New York (KVEO) — Satellite TV provider Dish Network on Monday announced a $25.5 billion bid for Sprint Nextel.
The offer is an attempt to top another bid for Sprint: $20.1 billion for a 70% stake from Japanese tech company Softbank. That offer, which Sprint accepted in October, was intended to give Sprint a much needed cash infusion to stave off a possible bankruptcy.
Sprint acknowledged the unsolicited bid and said its board would study the offer, but had no further comment. Its shares shot up nearly 24% in afternoon trading while and Dish shares slipped 3%.
Dish Chairman Charlie Ergen said the combination would create a company that offers customers the greatest possible bandwidth for video and other data.
He said while cable companies do a good job providing bandwidth inside homes and wireless companies provide bandwidth outside of homes, no company allows for the efficient combination of that bandwidth.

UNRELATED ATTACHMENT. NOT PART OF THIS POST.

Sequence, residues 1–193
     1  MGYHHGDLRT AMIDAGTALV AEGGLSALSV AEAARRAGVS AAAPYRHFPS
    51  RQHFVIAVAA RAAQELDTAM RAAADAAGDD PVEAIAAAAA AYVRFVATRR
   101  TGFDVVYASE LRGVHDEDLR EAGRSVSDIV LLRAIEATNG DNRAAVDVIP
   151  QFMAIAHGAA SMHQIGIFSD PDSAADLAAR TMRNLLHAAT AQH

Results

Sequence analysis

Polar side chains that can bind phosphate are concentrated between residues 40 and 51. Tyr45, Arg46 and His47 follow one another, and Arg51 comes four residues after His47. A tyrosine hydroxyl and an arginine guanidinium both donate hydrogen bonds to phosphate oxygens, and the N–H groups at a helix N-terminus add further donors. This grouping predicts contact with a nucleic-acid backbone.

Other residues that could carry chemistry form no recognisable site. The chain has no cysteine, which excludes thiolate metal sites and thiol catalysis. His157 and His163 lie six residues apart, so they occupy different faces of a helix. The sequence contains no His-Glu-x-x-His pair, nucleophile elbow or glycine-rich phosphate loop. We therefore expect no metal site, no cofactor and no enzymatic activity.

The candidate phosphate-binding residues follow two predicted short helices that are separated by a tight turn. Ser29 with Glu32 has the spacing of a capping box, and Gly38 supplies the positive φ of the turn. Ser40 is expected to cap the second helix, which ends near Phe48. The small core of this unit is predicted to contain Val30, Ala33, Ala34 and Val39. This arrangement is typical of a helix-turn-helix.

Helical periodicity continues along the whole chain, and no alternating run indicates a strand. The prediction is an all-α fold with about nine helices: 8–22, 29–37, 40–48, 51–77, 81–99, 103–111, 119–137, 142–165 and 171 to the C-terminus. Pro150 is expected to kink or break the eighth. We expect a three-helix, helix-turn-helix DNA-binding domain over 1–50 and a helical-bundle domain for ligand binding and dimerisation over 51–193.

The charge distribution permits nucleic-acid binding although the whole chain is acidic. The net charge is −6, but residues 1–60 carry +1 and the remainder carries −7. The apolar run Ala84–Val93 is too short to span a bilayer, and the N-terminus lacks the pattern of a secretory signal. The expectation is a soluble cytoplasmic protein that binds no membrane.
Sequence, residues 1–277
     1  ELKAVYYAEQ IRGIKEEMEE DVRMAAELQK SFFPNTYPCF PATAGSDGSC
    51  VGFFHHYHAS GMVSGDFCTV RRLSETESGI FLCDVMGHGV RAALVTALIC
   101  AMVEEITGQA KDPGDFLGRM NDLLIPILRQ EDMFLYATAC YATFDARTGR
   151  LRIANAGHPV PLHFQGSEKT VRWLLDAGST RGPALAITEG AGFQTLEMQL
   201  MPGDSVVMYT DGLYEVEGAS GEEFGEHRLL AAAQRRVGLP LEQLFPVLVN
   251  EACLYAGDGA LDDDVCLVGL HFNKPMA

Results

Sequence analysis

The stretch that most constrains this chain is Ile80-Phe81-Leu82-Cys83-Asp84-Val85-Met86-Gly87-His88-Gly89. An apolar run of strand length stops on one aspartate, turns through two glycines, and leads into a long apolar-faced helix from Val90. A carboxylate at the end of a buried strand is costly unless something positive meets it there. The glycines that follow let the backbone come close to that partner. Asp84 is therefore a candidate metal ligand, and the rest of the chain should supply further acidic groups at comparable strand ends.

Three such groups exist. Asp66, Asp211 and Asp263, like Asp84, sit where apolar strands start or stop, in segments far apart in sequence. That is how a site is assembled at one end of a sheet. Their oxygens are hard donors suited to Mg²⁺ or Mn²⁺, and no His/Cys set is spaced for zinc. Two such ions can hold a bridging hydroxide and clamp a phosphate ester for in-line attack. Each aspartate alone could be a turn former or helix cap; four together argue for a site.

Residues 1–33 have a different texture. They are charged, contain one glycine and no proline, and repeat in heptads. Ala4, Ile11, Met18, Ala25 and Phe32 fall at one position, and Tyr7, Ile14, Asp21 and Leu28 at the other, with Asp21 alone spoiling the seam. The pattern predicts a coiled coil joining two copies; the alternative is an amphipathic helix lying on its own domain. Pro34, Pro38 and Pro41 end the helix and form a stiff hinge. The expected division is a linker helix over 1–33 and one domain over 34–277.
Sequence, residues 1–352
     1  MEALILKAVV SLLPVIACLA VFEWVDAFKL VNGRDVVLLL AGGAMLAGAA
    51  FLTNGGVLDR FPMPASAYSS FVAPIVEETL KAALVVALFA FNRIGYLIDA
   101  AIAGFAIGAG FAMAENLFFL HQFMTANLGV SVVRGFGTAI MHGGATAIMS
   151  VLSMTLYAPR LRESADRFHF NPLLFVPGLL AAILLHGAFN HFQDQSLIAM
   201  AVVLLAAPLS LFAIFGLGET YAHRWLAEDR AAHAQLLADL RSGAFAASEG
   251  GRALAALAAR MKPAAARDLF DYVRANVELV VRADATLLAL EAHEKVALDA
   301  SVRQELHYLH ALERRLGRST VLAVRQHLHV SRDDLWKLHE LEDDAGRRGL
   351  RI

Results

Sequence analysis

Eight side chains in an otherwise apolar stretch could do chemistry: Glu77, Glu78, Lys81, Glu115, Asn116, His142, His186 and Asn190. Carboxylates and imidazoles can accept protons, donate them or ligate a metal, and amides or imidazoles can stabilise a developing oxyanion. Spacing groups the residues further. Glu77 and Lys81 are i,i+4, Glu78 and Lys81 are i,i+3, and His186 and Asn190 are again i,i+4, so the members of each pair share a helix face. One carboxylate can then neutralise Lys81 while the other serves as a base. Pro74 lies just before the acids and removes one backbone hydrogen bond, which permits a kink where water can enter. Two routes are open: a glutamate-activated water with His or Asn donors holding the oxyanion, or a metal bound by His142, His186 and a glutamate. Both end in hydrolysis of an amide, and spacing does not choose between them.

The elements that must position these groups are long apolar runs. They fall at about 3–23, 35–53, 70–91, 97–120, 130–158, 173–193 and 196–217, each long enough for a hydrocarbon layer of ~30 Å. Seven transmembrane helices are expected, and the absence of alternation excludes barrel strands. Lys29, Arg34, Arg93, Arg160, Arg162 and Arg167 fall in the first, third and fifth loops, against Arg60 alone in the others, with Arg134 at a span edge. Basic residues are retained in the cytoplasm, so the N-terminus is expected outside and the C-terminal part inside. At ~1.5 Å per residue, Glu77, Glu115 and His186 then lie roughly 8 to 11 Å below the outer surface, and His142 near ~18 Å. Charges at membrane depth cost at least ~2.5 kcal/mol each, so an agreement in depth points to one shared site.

"The pipes are fairly clogged," Ergen said. "If you're going to have a lot of data, you better have a big pipe -- no one is going to have a bigger pipe than Dish Sprint."
The bid for Sprint would also give Dish another coveted target, wireless broadband provider Clearwire.
Dish had a brief bidding war earlier this year with Sprint for Clearwire, but Clearwire decided to accept Sprint's offer. Sprint already owned a 50% stake in Clearwire before the bidding war began.
Dish said its bid for Sprint represents a 13% premium over the Softbank offer. Ergen said Dish would also be "more than willing to spend" an additional $600 million to pay the breakup fee that Softbank is due if that deal falls through because of Dish's offer.
Analyst Amy Yong of MacQuarie Research said that there are many questions about Dish's plans for Sprint that make it difficult to judge who will be the winning bidder.
The wireless sector has been going through a number of deals in recent years, and Dish has reportedly been interested in finding a partner in the sector.
"Charlie's a poker player by trade," Yong said of Dish Chairman Charlie Ergen. "This might just be his way of getting all the other wireless companies talking with him."